“It’s been the most beautiful thing, where people are like ‘this is an official welcome’. It’s been so wonderful – and it’s exciting because now the dating pool has expanded!…It’s the most liberating thing. It’s like life has just opened up because I had the courage to say: ‘This is me.’”

Maria Thattil is effusive when she talks about the response from the LGBTQI community to her very public coming out as bisexual. It was in the trailing moments of her tenure on I’m A Celebrity…Get Me Out of Here, while she was sharing a heartfelt chat with her best bud, David. 

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“You know what, I could not think of a better way to come out to the country than by letting them in on an intimate conversation with my best mate,” says Thattil. 

Didn’t Regret Coming Out

Maria Thattil and her brother Dom. Image: Daniel Spellman

The producers gave her the option of removing the clip but she chose to keep it in. It wasn’t a spontaneous, heat-of-the-moment thing that she regretted saying;  it’s something she had been wanting to share for a long time. In fact, on the eve of the episode, Thattil was on the phone with her brother, Dom, until 2am discussing her intention. 

Dom Thattil had himself come out as gay eight years earlier, but his experience wasn’t exactly reassuring. 

“We grew up in a very conservative, religious Catholic, South-Asian household. Our parents moved here and struggled to assimilate to a lot of Western ideals, and they brought over a lot of social and cultural norms from India,” explains Thattil. “So, when my brother came out they didn’t understand it…[They] kept thinking they needed to guide their son out of what they thought was a phase.”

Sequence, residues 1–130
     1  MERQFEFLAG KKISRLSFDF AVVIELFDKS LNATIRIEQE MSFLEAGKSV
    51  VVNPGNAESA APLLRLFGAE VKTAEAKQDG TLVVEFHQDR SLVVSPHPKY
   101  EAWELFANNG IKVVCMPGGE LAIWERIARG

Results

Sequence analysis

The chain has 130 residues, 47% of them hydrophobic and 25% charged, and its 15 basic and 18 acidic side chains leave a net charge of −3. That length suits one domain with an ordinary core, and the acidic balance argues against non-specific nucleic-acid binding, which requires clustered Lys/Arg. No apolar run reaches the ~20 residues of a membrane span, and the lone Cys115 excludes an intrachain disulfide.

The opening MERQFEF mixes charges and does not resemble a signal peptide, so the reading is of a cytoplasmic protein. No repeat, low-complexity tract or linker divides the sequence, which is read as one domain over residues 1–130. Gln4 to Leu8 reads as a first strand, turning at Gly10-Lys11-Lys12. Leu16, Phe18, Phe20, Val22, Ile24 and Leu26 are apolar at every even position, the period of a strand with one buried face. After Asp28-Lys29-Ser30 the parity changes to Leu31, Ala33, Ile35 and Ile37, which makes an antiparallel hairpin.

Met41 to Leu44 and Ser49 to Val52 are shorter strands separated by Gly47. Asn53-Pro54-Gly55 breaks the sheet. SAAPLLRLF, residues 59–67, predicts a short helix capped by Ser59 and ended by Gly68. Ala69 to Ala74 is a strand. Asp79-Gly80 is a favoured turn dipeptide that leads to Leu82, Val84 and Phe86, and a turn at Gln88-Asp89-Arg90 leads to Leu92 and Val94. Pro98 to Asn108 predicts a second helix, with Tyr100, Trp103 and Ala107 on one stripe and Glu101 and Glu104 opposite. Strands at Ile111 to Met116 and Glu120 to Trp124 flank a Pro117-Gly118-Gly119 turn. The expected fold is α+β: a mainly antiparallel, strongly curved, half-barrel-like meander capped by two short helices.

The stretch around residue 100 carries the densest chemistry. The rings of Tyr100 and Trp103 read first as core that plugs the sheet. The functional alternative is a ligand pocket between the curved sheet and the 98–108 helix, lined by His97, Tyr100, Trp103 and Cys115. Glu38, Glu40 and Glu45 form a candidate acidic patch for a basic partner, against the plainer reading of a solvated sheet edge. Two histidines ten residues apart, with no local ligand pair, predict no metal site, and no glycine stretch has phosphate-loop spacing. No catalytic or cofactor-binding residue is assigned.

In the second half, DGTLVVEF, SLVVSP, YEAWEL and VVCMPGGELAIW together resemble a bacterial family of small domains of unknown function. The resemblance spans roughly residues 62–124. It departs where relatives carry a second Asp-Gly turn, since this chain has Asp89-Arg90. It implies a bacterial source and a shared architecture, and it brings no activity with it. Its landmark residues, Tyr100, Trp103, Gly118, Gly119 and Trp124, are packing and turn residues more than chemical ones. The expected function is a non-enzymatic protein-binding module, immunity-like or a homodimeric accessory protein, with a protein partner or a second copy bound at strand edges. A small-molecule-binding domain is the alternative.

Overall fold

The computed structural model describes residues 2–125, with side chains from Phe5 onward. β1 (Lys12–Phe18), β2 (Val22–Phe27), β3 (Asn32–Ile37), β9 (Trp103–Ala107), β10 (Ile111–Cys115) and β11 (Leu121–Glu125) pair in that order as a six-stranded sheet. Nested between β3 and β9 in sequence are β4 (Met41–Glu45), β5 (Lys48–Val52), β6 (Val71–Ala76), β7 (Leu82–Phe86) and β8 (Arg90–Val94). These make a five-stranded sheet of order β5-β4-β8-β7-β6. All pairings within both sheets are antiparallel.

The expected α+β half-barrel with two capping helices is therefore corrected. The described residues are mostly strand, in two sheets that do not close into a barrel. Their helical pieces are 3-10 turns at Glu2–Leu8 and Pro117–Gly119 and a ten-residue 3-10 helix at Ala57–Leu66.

Religion, culture, and the personal aspirations of her parents were all factors that induced Thattil to internalise and suppress her true sexual identity. But there was more to it.  

‘I Didn’t Really Understand My Own Sexuality’

Maria Thattil and her brother Dom. Image: Daniel Spellman

“I didn’t really understand my own sexuality; it was very confusing to me because you don’t see a lot of bisexual visibility,” Thattil explains.

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“When you look at the state of affairs when it comes to sex education […] A lot of sex education is taught to us – and it certainly was taught to me – through a heteronormative lens. It often excludes people from culturally and linguistically diverse backgrounds. It excludes people with different physical abilities and it certainly excluded, when I was growing up, people from the LGBTQIA+ community. And sex ed never talks about consent, or healthy intimacy, or pleasure. It was always talked about from a very reproductive anatomical lens […] Nobody every talked to me about sex with a woman and what that could be like.”

Thattil first confided inklings of same-sex attraction to her long term male partner. They were in a monogamous relationship and it was only when that ended around two years ago, that Thattil felt free to dip her toe in the rainbow waters.